Maybe on your walks in the woods, you've seen many tree stands but you don't know how to distinguish one from one other. Some of the stands you see look like boxes, others resemble metal chairs and a few have ladders attached to them. Experts typically group stands into four categories:
- Ladder stands
- Climbing stands
- Non-climbing, fixed position stands
- Freestanding, open platform stands
A ladder stand might be one of the easiest types of tree stands to use because it consists of steps connected to a small platform. This kind of stand can be used on many species of trees. Because it has a ladder, the hunter has easy and safe access to the stand platform.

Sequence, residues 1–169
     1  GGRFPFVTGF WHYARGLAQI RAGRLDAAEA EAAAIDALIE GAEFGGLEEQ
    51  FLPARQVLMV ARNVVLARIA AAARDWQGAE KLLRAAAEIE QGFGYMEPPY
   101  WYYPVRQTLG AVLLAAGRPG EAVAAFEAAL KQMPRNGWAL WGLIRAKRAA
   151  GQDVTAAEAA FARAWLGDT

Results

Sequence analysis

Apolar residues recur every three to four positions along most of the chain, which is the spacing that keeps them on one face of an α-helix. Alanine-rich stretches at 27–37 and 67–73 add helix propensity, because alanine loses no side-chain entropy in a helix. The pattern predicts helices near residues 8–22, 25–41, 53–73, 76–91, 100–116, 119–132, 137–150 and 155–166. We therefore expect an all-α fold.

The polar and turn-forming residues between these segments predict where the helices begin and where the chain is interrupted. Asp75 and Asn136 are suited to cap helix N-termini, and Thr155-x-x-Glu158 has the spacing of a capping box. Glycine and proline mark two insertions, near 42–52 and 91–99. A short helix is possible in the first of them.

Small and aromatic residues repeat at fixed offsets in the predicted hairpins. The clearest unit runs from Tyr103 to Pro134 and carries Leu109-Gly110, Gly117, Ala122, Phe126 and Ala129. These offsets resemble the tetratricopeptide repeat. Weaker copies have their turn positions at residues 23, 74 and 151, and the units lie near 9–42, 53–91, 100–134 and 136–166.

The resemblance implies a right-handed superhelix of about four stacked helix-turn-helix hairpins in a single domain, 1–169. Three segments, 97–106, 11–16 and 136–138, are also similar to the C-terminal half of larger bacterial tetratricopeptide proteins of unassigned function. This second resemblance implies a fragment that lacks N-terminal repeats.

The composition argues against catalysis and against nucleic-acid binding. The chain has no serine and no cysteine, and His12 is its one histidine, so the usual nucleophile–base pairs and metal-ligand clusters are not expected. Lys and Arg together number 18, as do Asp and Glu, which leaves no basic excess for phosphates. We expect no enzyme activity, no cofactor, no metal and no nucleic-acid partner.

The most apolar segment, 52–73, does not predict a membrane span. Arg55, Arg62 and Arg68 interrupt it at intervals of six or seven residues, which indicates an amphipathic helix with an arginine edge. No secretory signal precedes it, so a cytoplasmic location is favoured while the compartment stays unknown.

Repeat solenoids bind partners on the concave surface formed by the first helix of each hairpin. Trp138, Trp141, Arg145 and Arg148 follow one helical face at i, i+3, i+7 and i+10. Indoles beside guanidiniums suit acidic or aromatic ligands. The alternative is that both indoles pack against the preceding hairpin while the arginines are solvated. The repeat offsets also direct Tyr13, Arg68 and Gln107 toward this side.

A climbing stand requires the hunter to climb the tree to reach the platform, and therefore isn't meant for flimsier trees with flaky barks, or winter hunting when there may be ice or snow on the trunk and branches.
Non-climbing, fixed position stands are simple platforms that have a seat and a footrest attached to a tree. These stands necessitate the use of climbing aids such as climbing steps and climbing sticks. However, you can't use them just anywhere -- climbing steps require permission on private property and screw-in steps are illegal on public property.
Freestanding, open platform stands are also called tower or tripod stands. These stands aren't truly tree stands, since they're used on open lands with few trees.
Whichever tree stand you settle on, you won't just slap it on the first tree you see. Keep reading to learn about the art and science of tree stand placement.